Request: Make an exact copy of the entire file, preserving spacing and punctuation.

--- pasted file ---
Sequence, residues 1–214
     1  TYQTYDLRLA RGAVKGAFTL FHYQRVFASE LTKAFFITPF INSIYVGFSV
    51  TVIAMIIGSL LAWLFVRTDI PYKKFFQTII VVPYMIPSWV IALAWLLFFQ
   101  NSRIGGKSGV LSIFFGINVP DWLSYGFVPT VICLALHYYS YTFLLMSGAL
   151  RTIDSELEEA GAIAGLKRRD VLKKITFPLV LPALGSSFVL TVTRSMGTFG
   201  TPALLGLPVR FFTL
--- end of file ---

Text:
Sequence, residues 1–214
     1  TYQTYDLRLA RGAVKGAFTL FHYQRVFASE LTKAFFITPF INSIYVGFSV
    51  TVIAMIIGSL LAWLFVRTDI PYKKFFQTII VVPYMIPSWV IALAWLLFFQ
   101  NSRIGGKSGV LSIFFGINVP DWLSYGFVPT VICLALHYYS YTFLLMSGAL
   151  RTIDSELEEA GAIAGLKRRD VLKKITFPLV LPALGSSFVL TVTRSMGTFG
   201  TPALLGLPVR FFTL